Ralph Lauren Corporation
The FCPA case against Ralph Lauren Corporation has been held out as an example of credit being given for prompt, voluntary disclosure. In 2010, the company found evidence of bribes by its Argentine subsidiary to government officials, through intermediaries, to ease getting its goods through Customs without the required paperwork and inspections.13 Ralph Lauren promptly reported its findings to the government, adopted remedial measures, including firing its customs broker, and cooperated with the government’s investigation.
In April 2013, Ralph Lauren entered into a non-prosecution agreement with the SEC and Justice Department, agreeing to pay more than $700,000 in disgorgement and interest to the SEC and $882,000 in penalties to the Justice Department. According to the SEC’s Acting Director of Enforcement George S. Canellos, “The NPA in this matter makes clear that we will confer substantial and tangible benefits on companies that respond appropriately to violations and cooperate fully with the SEC.”14
While, on the surface, the benefit from Ralph Lauren’s self-reporting appears substantial, particularly given the massive disgorgement and penalties now routinely imposed on companies, questions have been raised about just how much credit the company was given for promptly going to the government. Critics point out that the government could have declined prosecution altogether. As stated in an alert by Covington & Burling, “it is difficult to imagine a set of facts more deserving of a non-public declination based on the criteria outlined by the SEC and the DOJ late last year in the FCPA Resource Guide.”15
The facts warranting declination seemed substantial. The misbehavior at issue was isolated in a single foreign operation and limited in scope and duration. According to the non-prosecution agreement filed in the case, the conduct was discovered when the company distributed its FCPA policy to employees—revealing the company’s active and real compliance efforts—which elicited concerns in the Argentine subsidiary about the company’s third-party customs broker. Despite these mitigating facts, the government opted for an NPA rather than simply declining prosecution, which required Ralph Lauren to publicly acknowledge wrongdoing, and which may expose it to private lawsuits and unfairly harm its reputation.
Law Professor Michael Koehler of Southern Illinois University School of Law, an expert on the FCPA has made a pointed critique of the Ralph Lauren settlement:
[w]hen the DOJ and SEC take action against one entity (one of the world’s most admired companies according to [a] recent Fortune list) that had an isolated instance of conduct that likely did not even violate the FCPA as Congress intended, this is not something to praise, it is something to lament. When the DOJ and SEC extract approximately $1.6 million from an entity that acted like a responsible corporate citizen upon learning of an issue…this is not something to praise, it is something to lament.16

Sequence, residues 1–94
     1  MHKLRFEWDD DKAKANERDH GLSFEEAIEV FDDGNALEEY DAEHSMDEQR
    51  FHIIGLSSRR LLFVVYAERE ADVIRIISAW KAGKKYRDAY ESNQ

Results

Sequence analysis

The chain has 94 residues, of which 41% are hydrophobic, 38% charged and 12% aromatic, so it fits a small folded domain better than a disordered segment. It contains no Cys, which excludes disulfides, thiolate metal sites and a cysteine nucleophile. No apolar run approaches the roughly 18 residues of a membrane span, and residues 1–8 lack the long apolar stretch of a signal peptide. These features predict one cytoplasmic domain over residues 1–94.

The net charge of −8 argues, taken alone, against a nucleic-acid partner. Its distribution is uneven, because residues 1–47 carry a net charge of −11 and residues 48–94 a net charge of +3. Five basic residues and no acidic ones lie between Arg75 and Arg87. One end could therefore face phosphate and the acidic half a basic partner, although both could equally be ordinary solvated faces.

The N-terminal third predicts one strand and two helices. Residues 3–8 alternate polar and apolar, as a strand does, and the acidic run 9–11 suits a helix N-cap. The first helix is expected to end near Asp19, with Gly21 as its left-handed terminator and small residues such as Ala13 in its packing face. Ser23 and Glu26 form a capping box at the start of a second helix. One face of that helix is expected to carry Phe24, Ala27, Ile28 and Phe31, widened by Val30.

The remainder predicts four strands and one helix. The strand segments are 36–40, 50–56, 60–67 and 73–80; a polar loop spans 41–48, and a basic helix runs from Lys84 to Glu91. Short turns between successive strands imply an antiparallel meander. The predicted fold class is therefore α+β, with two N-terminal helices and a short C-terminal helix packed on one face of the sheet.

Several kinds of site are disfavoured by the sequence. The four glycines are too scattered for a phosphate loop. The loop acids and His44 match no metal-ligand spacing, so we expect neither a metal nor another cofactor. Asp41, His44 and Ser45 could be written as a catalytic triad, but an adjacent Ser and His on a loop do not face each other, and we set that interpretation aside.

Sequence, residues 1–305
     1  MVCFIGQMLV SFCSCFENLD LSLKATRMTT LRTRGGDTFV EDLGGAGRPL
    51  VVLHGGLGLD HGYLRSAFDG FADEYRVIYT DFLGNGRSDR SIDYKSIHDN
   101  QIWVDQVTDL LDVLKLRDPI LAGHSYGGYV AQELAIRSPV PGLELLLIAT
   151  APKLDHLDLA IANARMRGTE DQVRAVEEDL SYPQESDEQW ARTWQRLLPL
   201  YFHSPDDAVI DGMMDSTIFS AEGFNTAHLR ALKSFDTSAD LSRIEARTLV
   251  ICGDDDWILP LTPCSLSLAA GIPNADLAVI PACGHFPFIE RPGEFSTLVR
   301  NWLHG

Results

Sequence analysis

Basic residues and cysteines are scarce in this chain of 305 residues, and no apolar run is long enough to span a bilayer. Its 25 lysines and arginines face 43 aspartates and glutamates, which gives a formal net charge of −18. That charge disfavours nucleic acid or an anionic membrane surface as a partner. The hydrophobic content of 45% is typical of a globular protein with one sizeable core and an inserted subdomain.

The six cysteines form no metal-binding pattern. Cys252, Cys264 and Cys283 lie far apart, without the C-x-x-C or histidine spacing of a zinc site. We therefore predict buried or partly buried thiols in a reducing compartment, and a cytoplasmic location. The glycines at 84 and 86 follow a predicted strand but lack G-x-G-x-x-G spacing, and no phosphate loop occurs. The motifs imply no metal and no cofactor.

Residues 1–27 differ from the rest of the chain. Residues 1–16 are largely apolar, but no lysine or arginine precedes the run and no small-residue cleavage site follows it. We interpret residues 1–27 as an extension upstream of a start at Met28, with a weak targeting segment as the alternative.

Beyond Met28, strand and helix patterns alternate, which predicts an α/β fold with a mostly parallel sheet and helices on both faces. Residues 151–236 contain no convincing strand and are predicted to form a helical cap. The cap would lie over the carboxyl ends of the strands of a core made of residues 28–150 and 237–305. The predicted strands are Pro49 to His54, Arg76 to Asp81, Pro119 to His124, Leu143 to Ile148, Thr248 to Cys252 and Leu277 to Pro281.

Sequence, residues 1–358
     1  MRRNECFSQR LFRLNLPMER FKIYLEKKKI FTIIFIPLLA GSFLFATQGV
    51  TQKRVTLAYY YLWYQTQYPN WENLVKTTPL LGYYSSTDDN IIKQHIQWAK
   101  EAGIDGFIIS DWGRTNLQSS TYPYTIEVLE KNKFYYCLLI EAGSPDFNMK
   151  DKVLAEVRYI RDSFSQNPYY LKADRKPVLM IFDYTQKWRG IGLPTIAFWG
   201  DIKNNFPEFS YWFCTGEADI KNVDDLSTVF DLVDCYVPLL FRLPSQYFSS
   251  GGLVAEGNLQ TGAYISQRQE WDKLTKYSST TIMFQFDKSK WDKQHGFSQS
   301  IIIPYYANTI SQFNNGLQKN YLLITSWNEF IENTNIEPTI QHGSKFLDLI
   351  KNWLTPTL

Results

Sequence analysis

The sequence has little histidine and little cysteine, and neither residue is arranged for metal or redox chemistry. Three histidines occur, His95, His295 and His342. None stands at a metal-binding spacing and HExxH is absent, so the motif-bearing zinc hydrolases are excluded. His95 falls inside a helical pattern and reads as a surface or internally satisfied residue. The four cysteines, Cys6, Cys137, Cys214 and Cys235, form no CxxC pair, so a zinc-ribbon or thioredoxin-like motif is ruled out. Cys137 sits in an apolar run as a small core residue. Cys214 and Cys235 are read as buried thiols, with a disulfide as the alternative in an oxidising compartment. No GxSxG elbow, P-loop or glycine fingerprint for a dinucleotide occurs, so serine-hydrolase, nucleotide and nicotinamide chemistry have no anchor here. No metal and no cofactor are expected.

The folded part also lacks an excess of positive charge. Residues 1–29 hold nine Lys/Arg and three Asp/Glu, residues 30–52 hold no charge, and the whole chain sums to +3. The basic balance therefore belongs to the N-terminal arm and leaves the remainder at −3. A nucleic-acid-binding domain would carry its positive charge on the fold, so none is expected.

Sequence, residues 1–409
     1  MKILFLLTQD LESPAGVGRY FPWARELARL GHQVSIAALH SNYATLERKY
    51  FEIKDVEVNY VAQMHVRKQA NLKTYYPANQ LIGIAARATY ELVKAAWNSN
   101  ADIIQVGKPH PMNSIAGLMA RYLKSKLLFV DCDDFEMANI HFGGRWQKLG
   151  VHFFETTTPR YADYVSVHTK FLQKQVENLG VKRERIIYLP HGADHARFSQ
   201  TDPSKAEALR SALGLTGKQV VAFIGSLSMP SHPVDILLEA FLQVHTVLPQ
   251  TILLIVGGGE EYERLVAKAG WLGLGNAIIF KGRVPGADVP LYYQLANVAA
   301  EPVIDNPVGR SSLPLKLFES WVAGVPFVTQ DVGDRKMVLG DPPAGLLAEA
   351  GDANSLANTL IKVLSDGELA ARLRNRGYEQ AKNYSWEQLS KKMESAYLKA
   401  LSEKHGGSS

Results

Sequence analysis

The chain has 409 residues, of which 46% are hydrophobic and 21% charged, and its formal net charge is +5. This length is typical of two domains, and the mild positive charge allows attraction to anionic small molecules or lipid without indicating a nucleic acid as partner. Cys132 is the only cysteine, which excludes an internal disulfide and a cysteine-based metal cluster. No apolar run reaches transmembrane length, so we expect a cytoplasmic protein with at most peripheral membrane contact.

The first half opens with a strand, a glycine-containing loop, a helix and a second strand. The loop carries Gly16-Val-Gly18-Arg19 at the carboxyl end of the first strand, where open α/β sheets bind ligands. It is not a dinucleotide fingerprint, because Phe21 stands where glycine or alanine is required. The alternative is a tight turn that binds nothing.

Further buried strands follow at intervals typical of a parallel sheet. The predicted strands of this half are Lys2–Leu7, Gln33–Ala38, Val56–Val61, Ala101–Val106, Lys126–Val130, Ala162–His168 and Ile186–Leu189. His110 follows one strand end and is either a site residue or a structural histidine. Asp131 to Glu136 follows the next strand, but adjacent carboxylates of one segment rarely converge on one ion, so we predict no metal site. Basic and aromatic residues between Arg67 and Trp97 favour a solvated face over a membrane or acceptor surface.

(emphasis in original). While surely debatable, this viewpoint is important to consider when weighing the likely benefits of self-reporting.
In 2008, Avon Products, the maker and seller of beauty products, commenced an internal investigation into payments to Chinese officials. A primary focus of its investigation was a 2005 internal audit report which had found that Avon employees in China may have paid several hundred thousand dollars to Chinese officials and third-party consultants to help secure a license to conduct door-to-door sales. In October 2008, the company voluntarily informed the SEC and the Justice Department of its internal investigation, and, according to public statements, the company has provided full cooperation with the government’s subsequent investigation.17 Media reports indicate that the government has devoted substantial effort to determine whether current or former executives ignored or sought to suppress the 2005 audit report.18
On the surface, Avon has taken the requisite steps to benefit from self-reporting—at least since its 2008 voluntary disclosure to the government. By the end of 2012, the company had spent approximately $300 million on its internal investigation and disclosed its findings to the government. The company also took clear steps to remedy any problems, including the termination of its chief executive and other members of senior management and adopting enhanced ethics and compliance programs.19 Yet the benefit to the company for these efforts has been difficult to detect from public statements and reporting.
In June 2013, the company offered to settle FCPA cases initiated by the Justice Department and the SEC on terms that included payment of monetary penalties of approximately $12 million. The government rejected that offer. In September 2013, the SEC proposed settlement for an amount which was, according to Avon, “of a magnitude significantly greater than our earlier offer.”20 Since then, Avon’s stock has fallen, and, as stated in public filings, the company “expect[s] to continue to incur costs, primarily professional fees and expenses, which may be significant, in connection with the government investigation.”21
Against a backdrop of uncertain benefits from self-reporting, proposals have surfaced in recent years for an FCPA amnesty program, harking back to the widespread corporate self-disclosure and amnesty following adoption of the law in 1977.22 The government has opposed a new amnesty program, arguing that disclosure should not allow companies to “get a pass for those crimes.”23 No change in law or policy is in sight.